Oct. 27, 2003 St. Louis, Oct. 25, 2003 -- Researchers at Washington University School of Medicine in St. Louis have developed an easier and less expensive way to make sockets for prosthetic limbs.
The study's principal investigator, Jack R. Engsberg, Ph.D., will receive the Howard R. Thranhardt Lecture Honorarium for this work and present preliminary findings at the National Assembly of the American Orthotic and Prosthetic Association at 11 a.m. on Saturday, Oct. 25, in Reno, Nev.
"What we're doing is an entirely different process from the traditional way of making prosthetic sockets," says Engsberg, who is a research associate professor of neurological surgery.
The new process may expedite and simplify the procedure for the estimated 400,000 Americans with an amputated limb. According to Engsberg, it also could be particularly useful in other countries, where landmines are responsible for millions of amputations, most of which occur in areas that do not have the financial or medical resources to fit prosthetics.
"We think that eventually our new technique could be taught throughout the world and would be cheaper and easier to implement," he says.
The most important and difficult part of making a prosthetic limb is the socket, the part of the prosthetic that fits against the stump of the remaining part of the limb. Traditionally, this requires the expertise of a specially trained prosthetist. A plaster cast of the stump is made and then filled with plaster to create a model. The model is then used to make a socket, which is adjusted to optimize its ability to contour to the individual's stump and to comfortably bear the weight of that individual. Sockets typically require several fittings and adjustments, including production of several test sockets before a final product is achieved.
Several approaches to improving this procedure are under investigation, but most are more complicated and expensive than the traditional approach. Engsberg and his team developed a simpler, less expensive alternative using a gel instead of plaster to make the stump mold. In this process, the stump is placed in a pail with water and alginate powder, and the powder turns into a jello-like substance in about five minutes. The gel contours to the shape of the stump and produces an exact mold. Plaster is still used to fill the mold and create a model of the stump.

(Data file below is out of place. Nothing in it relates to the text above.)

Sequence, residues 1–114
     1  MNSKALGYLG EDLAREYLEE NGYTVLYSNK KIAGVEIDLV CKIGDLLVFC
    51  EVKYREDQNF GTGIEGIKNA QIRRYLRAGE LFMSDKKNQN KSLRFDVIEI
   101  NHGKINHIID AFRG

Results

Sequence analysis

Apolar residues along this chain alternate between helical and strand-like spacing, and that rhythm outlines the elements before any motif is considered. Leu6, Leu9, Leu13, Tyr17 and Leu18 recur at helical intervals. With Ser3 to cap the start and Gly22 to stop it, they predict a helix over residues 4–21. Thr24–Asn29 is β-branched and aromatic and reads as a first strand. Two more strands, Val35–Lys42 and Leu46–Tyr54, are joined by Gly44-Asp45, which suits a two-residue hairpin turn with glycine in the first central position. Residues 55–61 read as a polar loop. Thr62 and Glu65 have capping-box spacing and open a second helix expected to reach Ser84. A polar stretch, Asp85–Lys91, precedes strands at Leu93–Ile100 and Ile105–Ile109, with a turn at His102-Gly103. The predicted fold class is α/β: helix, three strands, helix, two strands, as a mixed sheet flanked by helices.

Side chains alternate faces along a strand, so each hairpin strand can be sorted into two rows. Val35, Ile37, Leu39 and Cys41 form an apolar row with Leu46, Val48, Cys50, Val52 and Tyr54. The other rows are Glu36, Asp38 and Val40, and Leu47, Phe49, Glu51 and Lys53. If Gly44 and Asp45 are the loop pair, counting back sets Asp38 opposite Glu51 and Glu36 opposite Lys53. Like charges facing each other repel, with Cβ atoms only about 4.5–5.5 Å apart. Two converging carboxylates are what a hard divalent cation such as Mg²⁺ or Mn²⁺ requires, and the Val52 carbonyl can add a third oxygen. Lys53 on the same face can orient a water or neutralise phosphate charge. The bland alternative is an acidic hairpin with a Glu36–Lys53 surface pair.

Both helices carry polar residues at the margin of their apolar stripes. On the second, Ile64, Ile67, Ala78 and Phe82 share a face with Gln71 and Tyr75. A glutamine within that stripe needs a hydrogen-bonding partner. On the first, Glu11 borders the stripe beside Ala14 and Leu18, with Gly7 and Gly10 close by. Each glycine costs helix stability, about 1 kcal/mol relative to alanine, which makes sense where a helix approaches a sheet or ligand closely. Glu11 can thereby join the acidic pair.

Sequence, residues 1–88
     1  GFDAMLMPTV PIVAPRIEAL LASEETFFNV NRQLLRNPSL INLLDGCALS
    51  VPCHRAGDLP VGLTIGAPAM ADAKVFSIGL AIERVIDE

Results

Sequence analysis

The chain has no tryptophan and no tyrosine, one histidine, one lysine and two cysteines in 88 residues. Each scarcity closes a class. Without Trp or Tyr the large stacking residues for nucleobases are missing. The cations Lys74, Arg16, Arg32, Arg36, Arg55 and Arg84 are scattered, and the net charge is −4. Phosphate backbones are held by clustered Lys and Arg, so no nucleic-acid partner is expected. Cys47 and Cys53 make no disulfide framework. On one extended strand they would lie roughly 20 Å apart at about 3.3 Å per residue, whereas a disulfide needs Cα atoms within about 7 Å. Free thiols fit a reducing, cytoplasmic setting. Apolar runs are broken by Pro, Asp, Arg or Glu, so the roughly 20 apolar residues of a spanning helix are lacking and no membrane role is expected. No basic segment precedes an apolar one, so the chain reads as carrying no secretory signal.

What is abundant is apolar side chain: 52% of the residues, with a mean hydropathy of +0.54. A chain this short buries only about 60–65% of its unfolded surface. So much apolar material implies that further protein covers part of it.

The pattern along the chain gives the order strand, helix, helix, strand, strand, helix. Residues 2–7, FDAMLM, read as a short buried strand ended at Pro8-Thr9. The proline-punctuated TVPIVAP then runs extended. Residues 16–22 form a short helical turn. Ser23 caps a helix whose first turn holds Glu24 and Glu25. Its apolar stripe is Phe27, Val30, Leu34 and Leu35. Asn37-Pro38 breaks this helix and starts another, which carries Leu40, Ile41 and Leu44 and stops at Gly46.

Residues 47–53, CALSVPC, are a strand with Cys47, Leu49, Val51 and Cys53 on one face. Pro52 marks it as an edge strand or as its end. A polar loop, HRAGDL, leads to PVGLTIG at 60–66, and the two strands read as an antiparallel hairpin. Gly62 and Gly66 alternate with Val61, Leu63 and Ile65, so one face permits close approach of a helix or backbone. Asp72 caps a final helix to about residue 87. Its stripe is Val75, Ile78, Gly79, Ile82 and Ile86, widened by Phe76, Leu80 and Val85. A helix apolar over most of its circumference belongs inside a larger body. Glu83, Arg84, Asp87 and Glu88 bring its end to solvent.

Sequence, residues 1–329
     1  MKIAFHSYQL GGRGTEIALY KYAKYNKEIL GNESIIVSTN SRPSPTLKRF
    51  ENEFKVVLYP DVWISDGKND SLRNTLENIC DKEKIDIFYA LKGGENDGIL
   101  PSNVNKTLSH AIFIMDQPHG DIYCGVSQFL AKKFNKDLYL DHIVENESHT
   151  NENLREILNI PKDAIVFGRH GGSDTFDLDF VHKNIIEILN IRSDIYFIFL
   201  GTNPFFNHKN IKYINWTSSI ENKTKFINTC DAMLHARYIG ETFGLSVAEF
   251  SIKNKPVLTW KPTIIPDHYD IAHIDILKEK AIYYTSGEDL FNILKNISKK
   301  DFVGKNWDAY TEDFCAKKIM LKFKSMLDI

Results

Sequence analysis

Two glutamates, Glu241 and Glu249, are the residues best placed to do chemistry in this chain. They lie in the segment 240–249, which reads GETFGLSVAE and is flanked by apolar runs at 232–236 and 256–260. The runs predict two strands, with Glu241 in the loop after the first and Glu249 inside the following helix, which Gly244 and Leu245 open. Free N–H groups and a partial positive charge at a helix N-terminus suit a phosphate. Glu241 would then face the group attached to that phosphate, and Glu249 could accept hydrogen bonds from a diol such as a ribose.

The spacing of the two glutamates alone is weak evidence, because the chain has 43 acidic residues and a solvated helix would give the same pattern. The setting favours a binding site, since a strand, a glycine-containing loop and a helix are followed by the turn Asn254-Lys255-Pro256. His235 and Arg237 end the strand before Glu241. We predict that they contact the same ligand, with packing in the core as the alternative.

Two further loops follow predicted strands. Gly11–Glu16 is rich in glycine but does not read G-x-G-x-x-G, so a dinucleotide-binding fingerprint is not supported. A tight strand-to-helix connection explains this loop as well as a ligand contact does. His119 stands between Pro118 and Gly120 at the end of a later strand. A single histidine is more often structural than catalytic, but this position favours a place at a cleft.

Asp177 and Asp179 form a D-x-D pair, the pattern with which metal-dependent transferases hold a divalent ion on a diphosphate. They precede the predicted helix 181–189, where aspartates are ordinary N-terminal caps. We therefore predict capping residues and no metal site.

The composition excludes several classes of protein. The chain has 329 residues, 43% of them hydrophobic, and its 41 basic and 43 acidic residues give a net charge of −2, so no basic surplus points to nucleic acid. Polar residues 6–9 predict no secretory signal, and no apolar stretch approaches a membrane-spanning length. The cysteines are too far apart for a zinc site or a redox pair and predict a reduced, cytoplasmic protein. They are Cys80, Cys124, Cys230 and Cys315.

To test this alternative, the team made two sockets for each of the 10 leg amputees. One socket was made with the traditional plaster mold method; the other was made with the alginate gel. The two processes also differed in a second important way: The traditional method required production of up to three test sockets, whereas the gel sockets did not undergo any adjustments or additional fittings.
Using several measurements of walking performance and quality of life, the team found no differences in the success of the two types of sockets. And, when asked to choose which socket they wanted to keep, five chose the one made with the gel process, four chose the traditional socket and one person chose to keep both.
"Our data suggest that the gel process produces sockets that fit at least as well as those made in the traditional way," Engsberg says. "In this preliminary study, we've shown that it's possible to make a socket without any modifications, using a process that's easy enough to be performed by a technician instead of a specialized prosthetist."
Engsberg JR, Sprouse SW, Uhrich ML, Ziegler BR, Luitjohan FD. Preliminary investigation comparing rectified and unrectified sockets for transtibial amputees. American Orthotic and Prosthetic Association National Assembly, Oct. 25, 2003.
Funding from the National Institute of Child Health and Human Development and the National Institutes of Health supported this research.
The full-time and volunteer faculty of Washington University School of Medicine are the physicians and surgeons of Barnes-Jewish and St. Louis Children's hospitals. The School of Medicine is one of the leading medical research, teaching and patient-care institutions in the nation. Through its affiliations with Barnes-Jewish and St. Louis Children's hospitals, the School of Medicine is linked to BJC HealthCare.
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